I am working on a new series of large ‘drawn’ geometric screen prints. These have soft muted colours and mix elements of solid block colour with hand drawn textures. I love the rhythms and structures of geometry. I can play with internal and external space within a flat background.
And what is next?
My printmaking studio is a must this summer, and then it’s full steam ahead making work on a larger scale. I am exhibiting in the RA summer exhibition at the moment, and have been invited to exhibit at ‘The Royal Academy of Arts in Yorkshire’ and the 7th Printmaking Biennale in Duoro, Portugal soon. I hope to hold a solo exhibition in London, watch this space!
Interview: February 2012
Can you briefly describe what you do?
I am a printmaker, only using the screen printing process at the moment.
I make abstract prints inspired by anything and everything around me. I notice unusual shapes, patterns and colours then try to make some sort of order out of them back in my studio. I can take shapes and images from almost anywhere and am constantly scanning as I go about my day.
Deciding what is worthy of noting, or drawing is sometimes a struggle. If I’m lacking stimulus or feel overwhelmed by all the stuff in my sketchbooks I’ll go out for a walk with my dog in the hills or by the river and absorb colours, textures and clear my head.
I have two main styles of working; one is the more hard-edged geometric or linear style and the other, the more fluid abstract shapes and organic work.
I tend to focus back to nature and the rural landscape when I find myself going off on tangents, it makes me channel into an area I find calming and makes me work at a slower pace.
I find the organic prints are the most beautiful. They have softer lines and curves. These also tend to be the prints with the least colours, so never seem to go wrong.
Does your work go wrong?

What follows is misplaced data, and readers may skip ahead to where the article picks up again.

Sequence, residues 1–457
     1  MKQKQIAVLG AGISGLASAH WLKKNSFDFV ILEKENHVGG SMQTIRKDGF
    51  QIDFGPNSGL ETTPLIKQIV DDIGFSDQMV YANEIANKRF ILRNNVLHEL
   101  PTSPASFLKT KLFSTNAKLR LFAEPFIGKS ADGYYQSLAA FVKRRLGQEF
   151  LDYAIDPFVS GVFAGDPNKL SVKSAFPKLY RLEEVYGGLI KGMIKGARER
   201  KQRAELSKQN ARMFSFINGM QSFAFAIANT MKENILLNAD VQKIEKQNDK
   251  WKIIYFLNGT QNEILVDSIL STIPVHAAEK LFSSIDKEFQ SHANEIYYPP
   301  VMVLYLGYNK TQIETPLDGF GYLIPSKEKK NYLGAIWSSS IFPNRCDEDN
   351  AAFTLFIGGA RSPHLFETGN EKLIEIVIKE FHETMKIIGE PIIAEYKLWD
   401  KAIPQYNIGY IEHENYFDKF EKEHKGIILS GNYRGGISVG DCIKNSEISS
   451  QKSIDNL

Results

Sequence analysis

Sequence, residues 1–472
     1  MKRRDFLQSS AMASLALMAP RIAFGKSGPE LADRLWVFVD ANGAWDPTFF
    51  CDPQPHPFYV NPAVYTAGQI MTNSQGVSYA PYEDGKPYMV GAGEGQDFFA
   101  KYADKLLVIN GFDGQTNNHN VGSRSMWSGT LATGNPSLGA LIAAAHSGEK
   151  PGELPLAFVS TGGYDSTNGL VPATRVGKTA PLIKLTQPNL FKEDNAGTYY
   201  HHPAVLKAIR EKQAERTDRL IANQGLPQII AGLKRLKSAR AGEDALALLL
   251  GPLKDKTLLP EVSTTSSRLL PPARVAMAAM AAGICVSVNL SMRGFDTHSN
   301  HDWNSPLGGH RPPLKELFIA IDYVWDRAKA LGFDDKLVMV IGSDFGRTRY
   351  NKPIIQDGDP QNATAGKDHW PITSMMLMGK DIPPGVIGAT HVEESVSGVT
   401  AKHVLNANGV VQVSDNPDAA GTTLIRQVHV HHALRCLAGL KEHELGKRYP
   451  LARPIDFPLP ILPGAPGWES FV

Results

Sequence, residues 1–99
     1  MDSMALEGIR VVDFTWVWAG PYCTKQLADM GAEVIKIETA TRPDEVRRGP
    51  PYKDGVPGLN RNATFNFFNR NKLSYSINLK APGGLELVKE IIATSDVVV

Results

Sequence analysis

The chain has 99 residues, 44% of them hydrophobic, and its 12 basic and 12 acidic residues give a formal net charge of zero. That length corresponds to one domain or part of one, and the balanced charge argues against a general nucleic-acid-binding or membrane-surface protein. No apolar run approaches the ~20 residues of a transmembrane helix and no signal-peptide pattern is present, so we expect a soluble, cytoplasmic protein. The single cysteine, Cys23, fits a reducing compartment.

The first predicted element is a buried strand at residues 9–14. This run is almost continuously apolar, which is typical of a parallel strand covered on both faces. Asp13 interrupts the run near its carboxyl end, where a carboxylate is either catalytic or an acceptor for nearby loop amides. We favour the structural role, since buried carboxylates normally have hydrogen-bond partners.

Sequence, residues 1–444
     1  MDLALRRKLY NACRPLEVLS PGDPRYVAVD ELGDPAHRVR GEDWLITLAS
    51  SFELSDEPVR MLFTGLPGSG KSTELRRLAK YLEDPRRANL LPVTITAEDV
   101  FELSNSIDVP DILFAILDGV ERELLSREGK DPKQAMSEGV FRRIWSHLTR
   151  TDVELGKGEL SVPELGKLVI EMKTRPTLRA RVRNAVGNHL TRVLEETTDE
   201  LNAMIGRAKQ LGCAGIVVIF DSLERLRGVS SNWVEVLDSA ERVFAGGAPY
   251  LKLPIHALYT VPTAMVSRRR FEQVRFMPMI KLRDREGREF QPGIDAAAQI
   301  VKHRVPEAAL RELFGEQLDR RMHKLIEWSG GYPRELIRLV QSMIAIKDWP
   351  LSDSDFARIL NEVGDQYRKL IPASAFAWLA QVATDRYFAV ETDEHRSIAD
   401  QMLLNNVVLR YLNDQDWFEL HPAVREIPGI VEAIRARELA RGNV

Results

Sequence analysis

Sometimes the colours in my prints do go badly wrong and I have to overprint several times. I find colour is the most time consuming part of the work.
You talk about different styles of work, which style of work do you enjoy making the most?
I enjoy both, depending how I’m feeling at the time. I like creating the more geometric work simply because I enjoy patterns and the challenge of working with more colours. As a child, I loved drawing patterns and filling them in. I like that there is a structure and that an image will nearly always work without having to try too hard at it.
I tend to stick to certain rules; I like to crop the shapes, I prefer to work within a rectangle and I think about positive and negative space. I find this is ingrained in me, an intuitive part of my practice. I question whether the image is balanced and if your eye is led into the picture, or if it is too static…..I question myself all the time.
When making work I also think about how the work will ‘fit in’ with other works. I feel that it is very important to view works side by side, letting them interact with one another. I never just print something hoping it will just slot into place with others.
I always have both finished and unfinished work on my studio and home walls, it helps me to work out sizes and connections between works.
What drives you to make work?
The process and formal qualities and conventions of screen printing fascinate me. My work is an engagment with the process, and I have a need to create work that is perfectly printed. I view printing as a craft, it is a skill to practice and keep practicing, like ceramics or painting. Another reason is the need to simply sort through and express my ideas.
Can you tell me something of your day-to-day working practice?